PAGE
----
The match matters: Examining student epistemic preferences in relation to epistemic beliefs about chemistry

Research output: Contribution to journalArticle

Abstract

Student epistemic preferences have been found to be important in student learning and achievement. The present study proposed a new conceptualization of student epistemic preferences in the epistemic match model, assessed the match between student epistemic beliefs about chemistry and their epistemic preferences, and, most importantly, examined how this epistemic match may be associated with chemistry course achievement. We adopted latent class analysis and found three distinct profiles of epistemic preferences based on the dimensions of simple and certain knowledge, attainable truth, and alternative knowledge claims. Students in Latent Class 3 ( Moderate Preferences) demonstrated the closest match between chemistry epistemic beliefs and epistemic preferences, and had more students who obtained higher grades and fewer students who had lower grades in an introductory chemistry course compared to the other two classes. Students in Latent Classes 1 ( All Preferred) and 2 ( Alternative-Claim Disliked), however, demonstrated certain degrees of epistemic mismatch between chemistry epistemic beliefs and epistemic preferences, and had noticeably lower achievement in the chemistry course. The study findings highlight the importance of achieving a close match between epistemic beliefs and epistemic preferences for higher achievement in a subject domain.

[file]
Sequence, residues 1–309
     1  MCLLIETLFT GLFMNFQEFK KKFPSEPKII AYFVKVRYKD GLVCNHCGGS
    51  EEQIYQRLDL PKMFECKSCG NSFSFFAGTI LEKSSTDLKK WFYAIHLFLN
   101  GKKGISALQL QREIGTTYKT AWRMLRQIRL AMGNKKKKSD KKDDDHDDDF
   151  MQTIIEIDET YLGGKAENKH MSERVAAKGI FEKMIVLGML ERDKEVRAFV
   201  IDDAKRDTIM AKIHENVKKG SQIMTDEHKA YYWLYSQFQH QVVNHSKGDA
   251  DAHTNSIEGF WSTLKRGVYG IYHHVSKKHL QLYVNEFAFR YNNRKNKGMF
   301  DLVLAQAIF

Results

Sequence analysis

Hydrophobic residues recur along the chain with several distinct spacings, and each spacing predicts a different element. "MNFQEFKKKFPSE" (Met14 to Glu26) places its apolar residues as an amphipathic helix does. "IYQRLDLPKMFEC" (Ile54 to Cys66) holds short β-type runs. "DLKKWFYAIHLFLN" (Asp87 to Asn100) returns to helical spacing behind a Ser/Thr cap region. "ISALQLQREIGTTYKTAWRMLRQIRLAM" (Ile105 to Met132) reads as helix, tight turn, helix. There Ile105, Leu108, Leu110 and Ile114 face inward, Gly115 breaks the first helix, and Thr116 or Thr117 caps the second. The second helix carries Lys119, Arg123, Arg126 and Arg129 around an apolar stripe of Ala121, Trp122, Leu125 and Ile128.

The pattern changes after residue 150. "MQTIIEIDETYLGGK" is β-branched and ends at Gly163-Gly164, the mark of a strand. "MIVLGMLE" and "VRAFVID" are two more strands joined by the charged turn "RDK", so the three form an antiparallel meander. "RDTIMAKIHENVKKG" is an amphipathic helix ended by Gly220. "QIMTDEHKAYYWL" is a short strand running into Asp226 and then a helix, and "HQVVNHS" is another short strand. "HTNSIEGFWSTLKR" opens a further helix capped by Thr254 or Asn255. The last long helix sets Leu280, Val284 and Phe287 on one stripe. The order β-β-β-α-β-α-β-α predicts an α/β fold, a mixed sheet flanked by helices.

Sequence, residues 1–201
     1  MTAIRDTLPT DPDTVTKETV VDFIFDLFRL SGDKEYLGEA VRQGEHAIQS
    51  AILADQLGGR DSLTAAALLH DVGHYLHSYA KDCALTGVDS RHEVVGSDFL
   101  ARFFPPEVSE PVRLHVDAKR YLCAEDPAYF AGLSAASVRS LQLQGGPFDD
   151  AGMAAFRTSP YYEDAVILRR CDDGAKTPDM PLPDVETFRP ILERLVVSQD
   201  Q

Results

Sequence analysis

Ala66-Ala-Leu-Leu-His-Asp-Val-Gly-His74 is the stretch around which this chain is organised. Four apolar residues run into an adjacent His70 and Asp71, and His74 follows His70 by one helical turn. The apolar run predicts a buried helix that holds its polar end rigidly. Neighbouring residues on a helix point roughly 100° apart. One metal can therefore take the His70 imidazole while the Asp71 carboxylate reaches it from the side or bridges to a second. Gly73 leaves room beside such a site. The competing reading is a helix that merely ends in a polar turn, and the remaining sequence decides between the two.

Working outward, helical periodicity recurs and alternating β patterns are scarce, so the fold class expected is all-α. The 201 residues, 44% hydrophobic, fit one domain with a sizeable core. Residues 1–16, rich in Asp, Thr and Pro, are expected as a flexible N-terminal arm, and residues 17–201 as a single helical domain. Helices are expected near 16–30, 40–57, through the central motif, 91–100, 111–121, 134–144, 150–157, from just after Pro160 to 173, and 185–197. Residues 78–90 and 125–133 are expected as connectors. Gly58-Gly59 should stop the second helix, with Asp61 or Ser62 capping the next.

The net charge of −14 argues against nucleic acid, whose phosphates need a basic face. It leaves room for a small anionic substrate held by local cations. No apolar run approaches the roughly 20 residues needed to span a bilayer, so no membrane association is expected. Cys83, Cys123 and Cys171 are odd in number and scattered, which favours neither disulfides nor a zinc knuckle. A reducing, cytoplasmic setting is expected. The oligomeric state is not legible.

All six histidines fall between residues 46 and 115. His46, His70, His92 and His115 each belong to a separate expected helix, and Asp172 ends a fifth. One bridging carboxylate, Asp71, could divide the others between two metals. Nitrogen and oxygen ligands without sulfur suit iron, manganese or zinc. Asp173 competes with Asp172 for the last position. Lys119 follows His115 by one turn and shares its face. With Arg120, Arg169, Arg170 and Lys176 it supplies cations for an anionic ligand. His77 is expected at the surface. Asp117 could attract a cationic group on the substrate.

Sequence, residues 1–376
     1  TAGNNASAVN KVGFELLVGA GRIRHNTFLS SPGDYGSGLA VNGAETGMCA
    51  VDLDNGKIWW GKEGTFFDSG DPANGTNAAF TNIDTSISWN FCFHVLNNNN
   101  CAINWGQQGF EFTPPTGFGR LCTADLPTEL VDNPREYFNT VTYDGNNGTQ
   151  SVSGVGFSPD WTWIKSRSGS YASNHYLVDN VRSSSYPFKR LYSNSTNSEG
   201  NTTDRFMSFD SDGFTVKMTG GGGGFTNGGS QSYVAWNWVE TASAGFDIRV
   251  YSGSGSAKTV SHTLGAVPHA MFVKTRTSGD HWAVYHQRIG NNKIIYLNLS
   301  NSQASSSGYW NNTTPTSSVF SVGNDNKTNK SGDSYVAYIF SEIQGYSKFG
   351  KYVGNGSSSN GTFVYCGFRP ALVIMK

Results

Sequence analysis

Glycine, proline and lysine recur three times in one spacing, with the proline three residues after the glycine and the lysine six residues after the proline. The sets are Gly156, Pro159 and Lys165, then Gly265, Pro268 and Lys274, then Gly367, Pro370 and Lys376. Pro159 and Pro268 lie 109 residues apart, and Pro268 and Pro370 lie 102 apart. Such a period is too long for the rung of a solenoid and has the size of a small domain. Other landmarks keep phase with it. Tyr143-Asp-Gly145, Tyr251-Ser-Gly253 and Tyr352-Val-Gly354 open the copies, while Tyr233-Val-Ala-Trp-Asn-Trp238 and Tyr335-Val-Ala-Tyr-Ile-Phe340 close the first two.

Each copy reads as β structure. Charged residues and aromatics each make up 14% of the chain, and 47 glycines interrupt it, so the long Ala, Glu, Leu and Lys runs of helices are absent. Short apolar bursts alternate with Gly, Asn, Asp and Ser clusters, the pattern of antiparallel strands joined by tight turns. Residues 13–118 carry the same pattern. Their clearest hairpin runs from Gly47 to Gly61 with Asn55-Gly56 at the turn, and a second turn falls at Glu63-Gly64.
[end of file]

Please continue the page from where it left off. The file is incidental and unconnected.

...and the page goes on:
Original languageEnglish (US)
Pages (from-to)262-274
Number of pages13
JournalContemporary Educational Psychology
Volume39
Issue number3
DOIs
StatePublished - Jul 2014
Externally publishedYes

Keywords

  • Achievement
  • Epistemic beliefs
  • Epistemic preferences
  • Epistemology
  • Latent class analysis
  • Student preference

ASJC Scopus subject areas

  • Developmental and Educational Psychology
  • Education

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